I was going to respond at length to commenter sg in the thread to John Quiggin’s post, but decided I would just bump it up to a post. I think I may fairly summarize sg as saying that some drugs are so intrinsically harmful that they must be illegal. Further, that the US wouldn’t be awash in guns and drugs “if the US would actually try and police the drug trade.” This last is just madness, on my view, and anyone who thinks different should just go peruse Radley Balko’s archives. [In fairness, it seems sg is referring to more competent policing rather than more overwhelming force and aggressive raids, but I’m unclear on how this is meant to work.]

I wanted to talk about something that would-be legalizers often hear, namely, “you’re not willing to admit that under your system there would be lots more drug addicts, and being addicted to drugs is, in itself, a bad thing.” In my experience this isn’t right at all, and everyone who advocates decriminalization will admit that more people will use drugs if they are more widely available and there are no legal penalties. This means more people would become addicted to drugs. How could it be otherwise? This doesn’t mean that I think it’s good thing for people to abuse IV drugs–it’s obviously a bad thing. But the costs our own nation incurs in the War on (Some Classes of People Who Use Some) Drugs are crushing: citizens jailed for drug possession and minor sales; the wholesale violation of civil rights that attends aggressive enforcement of anti-drug laws; the fundamental unfairness of denying sick people access to drugs give them relief. With decriminalization we would need fewer police officers, and those we had could focus on violent crimes. We could reverse pernicious trends in which more and more African-American men are shoveled into the maw of the prison system. That’s not even considering the violence and misery spawned around the world by our insatiable appetite for drugs. You’ll pretty much have to convince me that decriminalization will mean free samples of heroin-enriched enfamil before I even bother to reconsider my cost-benefit analysis. [click to continue…]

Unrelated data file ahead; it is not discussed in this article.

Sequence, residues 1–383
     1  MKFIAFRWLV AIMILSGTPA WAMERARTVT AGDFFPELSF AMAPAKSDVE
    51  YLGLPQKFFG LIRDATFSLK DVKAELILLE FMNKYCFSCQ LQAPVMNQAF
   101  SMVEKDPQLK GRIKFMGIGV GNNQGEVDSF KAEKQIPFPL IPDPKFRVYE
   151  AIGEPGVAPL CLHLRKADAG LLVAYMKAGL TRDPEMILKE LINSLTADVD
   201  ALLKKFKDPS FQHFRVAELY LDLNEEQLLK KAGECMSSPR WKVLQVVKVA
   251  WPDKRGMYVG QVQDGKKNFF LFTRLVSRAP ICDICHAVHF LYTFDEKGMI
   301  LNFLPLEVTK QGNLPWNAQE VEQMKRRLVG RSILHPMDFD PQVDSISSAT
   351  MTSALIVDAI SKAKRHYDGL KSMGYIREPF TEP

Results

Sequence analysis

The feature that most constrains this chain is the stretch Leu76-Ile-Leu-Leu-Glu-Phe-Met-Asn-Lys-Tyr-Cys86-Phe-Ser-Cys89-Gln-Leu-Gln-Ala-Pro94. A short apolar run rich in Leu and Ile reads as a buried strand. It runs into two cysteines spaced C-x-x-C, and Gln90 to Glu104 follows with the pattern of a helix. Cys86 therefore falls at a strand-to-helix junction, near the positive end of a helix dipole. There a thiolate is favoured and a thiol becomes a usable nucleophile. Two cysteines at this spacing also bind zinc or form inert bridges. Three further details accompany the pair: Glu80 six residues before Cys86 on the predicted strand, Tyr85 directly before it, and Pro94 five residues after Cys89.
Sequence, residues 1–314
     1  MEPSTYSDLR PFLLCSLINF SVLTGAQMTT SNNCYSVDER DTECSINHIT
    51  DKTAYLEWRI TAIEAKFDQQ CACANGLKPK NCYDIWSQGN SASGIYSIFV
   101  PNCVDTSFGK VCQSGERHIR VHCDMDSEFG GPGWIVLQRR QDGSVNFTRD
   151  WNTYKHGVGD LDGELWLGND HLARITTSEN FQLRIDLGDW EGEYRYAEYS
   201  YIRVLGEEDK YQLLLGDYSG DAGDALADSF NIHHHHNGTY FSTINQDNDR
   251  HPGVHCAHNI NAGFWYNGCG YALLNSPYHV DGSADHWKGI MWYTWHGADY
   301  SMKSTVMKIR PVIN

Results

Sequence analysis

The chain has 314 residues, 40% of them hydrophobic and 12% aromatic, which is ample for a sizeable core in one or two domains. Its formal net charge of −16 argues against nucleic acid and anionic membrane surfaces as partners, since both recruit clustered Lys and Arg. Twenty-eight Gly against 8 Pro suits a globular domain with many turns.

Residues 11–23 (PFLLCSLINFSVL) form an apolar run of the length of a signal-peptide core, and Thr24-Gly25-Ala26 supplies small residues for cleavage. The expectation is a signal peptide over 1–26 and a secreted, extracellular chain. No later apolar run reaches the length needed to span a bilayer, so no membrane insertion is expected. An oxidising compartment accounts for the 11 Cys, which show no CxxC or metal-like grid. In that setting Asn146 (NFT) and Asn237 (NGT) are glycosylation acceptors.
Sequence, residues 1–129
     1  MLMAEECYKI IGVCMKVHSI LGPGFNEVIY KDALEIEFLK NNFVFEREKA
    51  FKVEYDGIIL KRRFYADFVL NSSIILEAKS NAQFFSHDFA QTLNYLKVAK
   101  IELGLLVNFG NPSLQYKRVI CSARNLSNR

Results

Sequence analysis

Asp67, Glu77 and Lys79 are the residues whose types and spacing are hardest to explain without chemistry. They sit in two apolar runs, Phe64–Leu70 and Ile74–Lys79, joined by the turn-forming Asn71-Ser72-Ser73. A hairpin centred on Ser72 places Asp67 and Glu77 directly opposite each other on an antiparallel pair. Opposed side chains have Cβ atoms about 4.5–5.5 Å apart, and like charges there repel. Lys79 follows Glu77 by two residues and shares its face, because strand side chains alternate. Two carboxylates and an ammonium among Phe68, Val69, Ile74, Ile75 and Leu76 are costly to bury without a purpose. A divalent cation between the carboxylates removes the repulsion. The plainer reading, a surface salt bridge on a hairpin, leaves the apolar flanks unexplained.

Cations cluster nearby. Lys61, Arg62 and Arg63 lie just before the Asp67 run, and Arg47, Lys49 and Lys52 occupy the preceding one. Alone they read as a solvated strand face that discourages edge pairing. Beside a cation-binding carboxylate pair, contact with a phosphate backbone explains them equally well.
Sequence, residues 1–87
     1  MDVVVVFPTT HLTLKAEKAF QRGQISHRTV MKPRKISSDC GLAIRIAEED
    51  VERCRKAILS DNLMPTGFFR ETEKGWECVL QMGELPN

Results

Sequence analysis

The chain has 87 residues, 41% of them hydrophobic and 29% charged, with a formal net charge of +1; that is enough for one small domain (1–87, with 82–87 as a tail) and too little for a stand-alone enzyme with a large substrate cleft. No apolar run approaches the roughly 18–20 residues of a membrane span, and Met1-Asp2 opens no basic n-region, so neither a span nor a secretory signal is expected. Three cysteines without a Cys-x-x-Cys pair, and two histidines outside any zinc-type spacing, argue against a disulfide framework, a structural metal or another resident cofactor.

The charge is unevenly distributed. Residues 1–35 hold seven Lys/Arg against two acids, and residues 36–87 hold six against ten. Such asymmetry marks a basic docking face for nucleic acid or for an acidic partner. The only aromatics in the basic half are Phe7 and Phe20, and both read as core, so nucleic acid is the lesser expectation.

I find your lack of faith disturbing

by John Holbo on November 2, 2007

Commentary hosts a symposium on Podhoretz’ World War IV. Their question: “What Kind of War Are We Fighting, And Can We Win It?” I like this bit from Max Boot:

By publishing World War IV, Norman Podhoretz has performed yet another important public service, showing once again why he was such a worthy recipient of the Presidential Medal of Freedom. At a time when our political leaders are split over whether we are actually at war with terrorists, when opposition to the war effort in Iraq is growing, and when apathy and complacency appear to be settling in among the public, he lucidly and compellingly explains why we are fighting, how we can prevail, and why we must do so.

My major disagreement with him is pretty minor. It concerns what to call this conflict. Labeling it World War IV assumes that the cold war was World War III, but almost nobody calls it that. Maybe they should, but they don’t. As a matter of purely historical accuracy, moreover, the cold war should be called World War V, since the first world war was really the Seven Years’ War, known in North America as the French and Indian War, while the second was the Napoleonic War. If we follow this logic, we would relabel the 1914-18 conflict World War III and the 1939-45 conflict World War IV, in the same way that George Lucas relabeled his first Star Wars film “Episode IV” after producing three “prequels.”

But merely to advance this argument is to reveal its impracticality.

I think the way to deal with this is to renumber W.W. I as 10 and W.W. II as 20. This will allow for the retroactive insertion of new World Wars, before and between the old ones, if necessary.

Please feel free to discuss the various contributions by the participants.